The appropriate design and implementation of FES controllers play a key role to achieve stable and robust motion control in hybrid robotic systems. The control strategy must be able to drive all the necessary joints to realize the desired movement, and compensate any disturbances to the motion, i.e. muscle fatigue onset as well as the strong nonlinear and time-varying response of the musculoskeletal system to FES [1011]. Consequently, open-loop and simple feedback controllers (e.g. proportional-integral-derivative -PID-) are not robust enough to cope with these disturbances [812]. Meadmore et al. presented a more suitable hybrid robotic system for functional rehabilitation scenarios [13]. They implemented a model-based iterative learning controller (ILC) that adjusts the FES intensity based on the tracking error of the previously executed movement (see [1314] for a detail description of the system). This iterative adjustment allows compensating for disturbances caused by FES. Although this approach addresses some of the issues regarding motion control with FES, it requires a detailed mathematical description of the musculoskeletal system to work properly. In this context, unmodeled dynamics and the linearization of the model can reduce the robustness of the controller performance. Also, the identification of the model’s parameters is complex and time consuming, which limits its applicability in clinical settings [1112].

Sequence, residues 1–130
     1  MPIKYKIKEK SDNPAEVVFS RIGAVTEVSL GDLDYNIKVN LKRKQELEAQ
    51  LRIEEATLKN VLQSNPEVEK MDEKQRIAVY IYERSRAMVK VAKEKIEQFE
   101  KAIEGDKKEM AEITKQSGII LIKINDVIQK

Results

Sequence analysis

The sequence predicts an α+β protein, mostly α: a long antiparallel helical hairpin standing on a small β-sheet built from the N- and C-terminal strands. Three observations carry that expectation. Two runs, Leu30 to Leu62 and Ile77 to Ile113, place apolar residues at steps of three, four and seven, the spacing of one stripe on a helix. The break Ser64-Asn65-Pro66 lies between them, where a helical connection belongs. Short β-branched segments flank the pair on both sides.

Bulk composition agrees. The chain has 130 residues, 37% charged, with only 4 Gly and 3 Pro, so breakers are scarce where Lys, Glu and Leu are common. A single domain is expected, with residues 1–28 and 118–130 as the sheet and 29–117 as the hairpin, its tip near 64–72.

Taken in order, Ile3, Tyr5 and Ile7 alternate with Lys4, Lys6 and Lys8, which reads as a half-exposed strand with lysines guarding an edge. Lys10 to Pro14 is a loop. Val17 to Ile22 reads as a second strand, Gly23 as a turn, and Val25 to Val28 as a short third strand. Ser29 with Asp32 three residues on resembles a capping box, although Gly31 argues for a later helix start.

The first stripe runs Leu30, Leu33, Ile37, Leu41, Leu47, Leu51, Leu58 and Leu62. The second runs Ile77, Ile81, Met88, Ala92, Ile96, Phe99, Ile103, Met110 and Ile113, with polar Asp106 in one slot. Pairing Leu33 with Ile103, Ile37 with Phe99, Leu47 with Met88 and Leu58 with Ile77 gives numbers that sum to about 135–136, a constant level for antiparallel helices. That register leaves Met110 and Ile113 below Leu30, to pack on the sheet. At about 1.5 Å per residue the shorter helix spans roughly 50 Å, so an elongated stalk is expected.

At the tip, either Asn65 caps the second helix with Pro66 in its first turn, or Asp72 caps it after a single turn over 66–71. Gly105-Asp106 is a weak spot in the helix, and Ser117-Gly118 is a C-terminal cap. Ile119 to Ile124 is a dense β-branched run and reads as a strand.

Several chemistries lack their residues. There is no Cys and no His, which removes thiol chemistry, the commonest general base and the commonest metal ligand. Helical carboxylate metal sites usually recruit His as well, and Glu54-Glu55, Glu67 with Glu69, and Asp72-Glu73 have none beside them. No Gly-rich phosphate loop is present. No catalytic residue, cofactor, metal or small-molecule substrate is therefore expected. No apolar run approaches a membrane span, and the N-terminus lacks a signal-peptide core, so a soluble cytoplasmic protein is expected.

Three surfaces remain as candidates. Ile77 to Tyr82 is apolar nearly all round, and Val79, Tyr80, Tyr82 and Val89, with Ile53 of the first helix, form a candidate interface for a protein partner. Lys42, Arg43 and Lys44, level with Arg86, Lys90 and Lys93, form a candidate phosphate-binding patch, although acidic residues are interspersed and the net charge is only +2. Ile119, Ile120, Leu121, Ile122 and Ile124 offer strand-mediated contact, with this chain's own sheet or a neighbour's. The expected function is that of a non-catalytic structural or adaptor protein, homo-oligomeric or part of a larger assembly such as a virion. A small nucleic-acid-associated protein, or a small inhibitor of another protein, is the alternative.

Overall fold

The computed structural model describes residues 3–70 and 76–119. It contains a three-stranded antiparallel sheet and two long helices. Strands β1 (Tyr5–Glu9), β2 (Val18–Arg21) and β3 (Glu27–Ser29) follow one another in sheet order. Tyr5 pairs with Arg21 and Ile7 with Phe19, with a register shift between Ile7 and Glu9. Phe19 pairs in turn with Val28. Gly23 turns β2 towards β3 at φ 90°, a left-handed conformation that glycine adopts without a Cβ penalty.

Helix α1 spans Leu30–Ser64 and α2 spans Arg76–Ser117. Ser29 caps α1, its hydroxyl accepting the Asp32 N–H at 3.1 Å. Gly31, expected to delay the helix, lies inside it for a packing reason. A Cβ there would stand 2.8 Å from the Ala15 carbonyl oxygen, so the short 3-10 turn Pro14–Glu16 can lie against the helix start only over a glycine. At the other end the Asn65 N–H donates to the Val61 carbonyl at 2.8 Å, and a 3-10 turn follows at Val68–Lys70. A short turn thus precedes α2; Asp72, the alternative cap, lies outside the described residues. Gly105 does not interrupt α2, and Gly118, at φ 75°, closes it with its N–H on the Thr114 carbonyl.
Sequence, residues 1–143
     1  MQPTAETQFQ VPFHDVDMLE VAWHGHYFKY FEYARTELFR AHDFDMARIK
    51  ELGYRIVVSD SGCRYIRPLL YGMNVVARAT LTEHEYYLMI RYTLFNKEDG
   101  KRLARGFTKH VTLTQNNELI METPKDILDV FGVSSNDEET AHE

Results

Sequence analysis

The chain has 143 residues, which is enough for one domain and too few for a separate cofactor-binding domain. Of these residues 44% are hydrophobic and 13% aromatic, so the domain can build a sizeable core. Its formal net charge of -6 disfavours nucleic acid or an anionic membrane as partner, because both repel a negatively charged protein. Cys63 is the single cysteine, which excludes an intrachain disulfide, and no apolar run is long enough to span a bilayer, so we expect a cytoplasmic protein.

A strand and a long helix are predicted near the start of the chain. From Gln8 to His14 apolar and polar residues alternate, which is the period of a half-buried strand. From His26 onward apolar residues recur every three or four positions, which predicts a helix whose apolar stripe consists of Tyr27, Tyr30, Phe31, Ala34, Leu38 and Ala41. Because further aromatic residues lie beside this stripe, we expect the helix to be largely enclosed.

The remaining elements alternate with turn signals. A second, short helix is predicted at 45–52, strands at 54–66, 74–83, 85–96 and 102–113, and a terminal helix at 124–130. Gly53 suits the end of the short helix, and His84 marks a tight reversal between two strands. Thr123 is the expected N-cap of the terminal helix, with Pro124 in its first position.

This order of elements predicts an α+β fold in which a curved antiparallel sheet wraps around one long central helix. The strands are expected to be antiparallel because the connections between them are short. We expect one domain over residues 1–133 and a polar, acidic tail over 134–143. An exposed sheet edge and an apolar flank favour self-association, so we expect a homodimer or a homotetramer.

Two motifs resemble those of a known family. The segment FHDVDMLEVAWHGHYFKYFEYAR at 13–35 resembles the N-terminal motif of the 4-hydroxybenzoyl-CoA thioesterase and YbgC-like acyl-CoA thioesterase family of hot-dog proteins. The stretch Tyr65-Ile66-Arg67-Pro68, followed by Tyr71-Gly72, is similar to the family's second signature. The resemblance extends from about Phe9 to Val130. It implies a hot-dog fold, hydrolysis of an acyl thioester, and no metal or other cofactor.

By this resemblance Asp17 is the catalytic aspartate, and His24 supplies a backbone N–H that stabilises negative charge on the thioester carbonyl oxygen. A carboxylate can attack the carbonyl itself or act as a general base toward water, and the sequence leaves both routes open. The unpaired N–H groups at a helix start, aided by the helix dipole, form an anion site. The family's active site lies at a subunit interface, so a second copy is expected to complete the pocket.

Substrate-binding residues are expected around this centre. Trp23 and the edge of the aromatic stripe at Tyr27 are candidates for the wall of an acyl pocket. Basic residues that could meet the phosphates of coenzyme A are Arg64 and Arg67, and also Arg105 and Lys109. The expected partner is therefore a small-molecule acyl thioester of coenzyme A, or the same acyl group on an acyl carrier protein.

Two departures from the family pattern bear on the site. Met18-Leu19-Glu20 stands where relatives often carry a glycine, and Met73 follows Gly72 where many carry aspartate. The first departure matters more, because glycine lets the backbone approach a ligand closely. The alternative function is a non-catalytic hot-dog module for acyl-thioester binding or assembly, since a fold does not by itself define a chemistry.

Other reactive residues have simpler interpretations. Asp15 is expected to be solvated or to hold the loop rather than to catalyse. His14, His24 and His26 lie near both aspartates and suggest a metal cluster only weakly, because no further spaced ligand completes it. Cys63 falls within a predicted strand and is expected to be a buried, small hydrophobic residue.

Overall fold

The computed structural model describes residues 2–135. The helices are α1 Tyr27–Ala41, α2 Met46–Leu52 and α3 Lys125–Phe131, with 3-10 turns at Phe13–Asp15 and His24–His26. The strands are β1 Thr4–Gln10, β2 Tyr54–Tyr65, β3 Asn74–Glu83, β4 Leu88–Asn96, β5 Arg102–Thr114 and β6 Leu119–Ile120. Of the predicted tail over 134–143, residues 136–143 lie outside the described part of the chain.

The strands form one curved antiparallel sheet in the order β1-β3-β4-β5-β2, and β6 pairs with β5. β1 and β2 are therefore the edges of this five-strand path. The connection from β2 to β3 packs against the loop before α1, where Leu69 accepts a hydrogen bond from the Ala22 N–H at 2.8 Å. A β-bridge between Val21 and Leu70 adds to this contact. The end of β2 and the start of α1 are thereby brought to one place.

The Feedback Error Learning (FEL) scheme proposed by Kawato [15] can be considered as an alternative to ILC. This scheme was developed to describe how the central nervous system acquires an internal model of the body to improve the motor control. Under this scheme, the motor control command of a feedback controller is used to train a feedforward controller to learn implicitly the inverse dynamics of the controlled system on-line (i.e. the arm). Complementary, this on-line learning procedure also allows the controller to adapt and compensate for disturbances. In contrast with the ILC, the main advantage of this strategy is that the controller does not require an explicit model of the controlled system to work correctly and that it can directly learn the non-linear characteristic of the controlled system. Therefore, using the FEL control strategy to control a hybrid robotic system can simplify the setup of the system considerably, which makes easier to deploy it in clinical settings as well as personalize its response according to each patient’s musculoskeletal characteristics and movement capabilities. The FEL has been used previously to control the wrist [16] and the lower limb [17] motion with FES in healthy subjects; but it has not been tested on brain injury patients. In a previous pilot study, we partially showed the suitability of the FEL scheme in hybrid robotic systems for reaching rehabilitation with healthy subjects [18]. However, a rigorous and robust analysis has not been presented neither this concept has not been tested with motor impaired patients.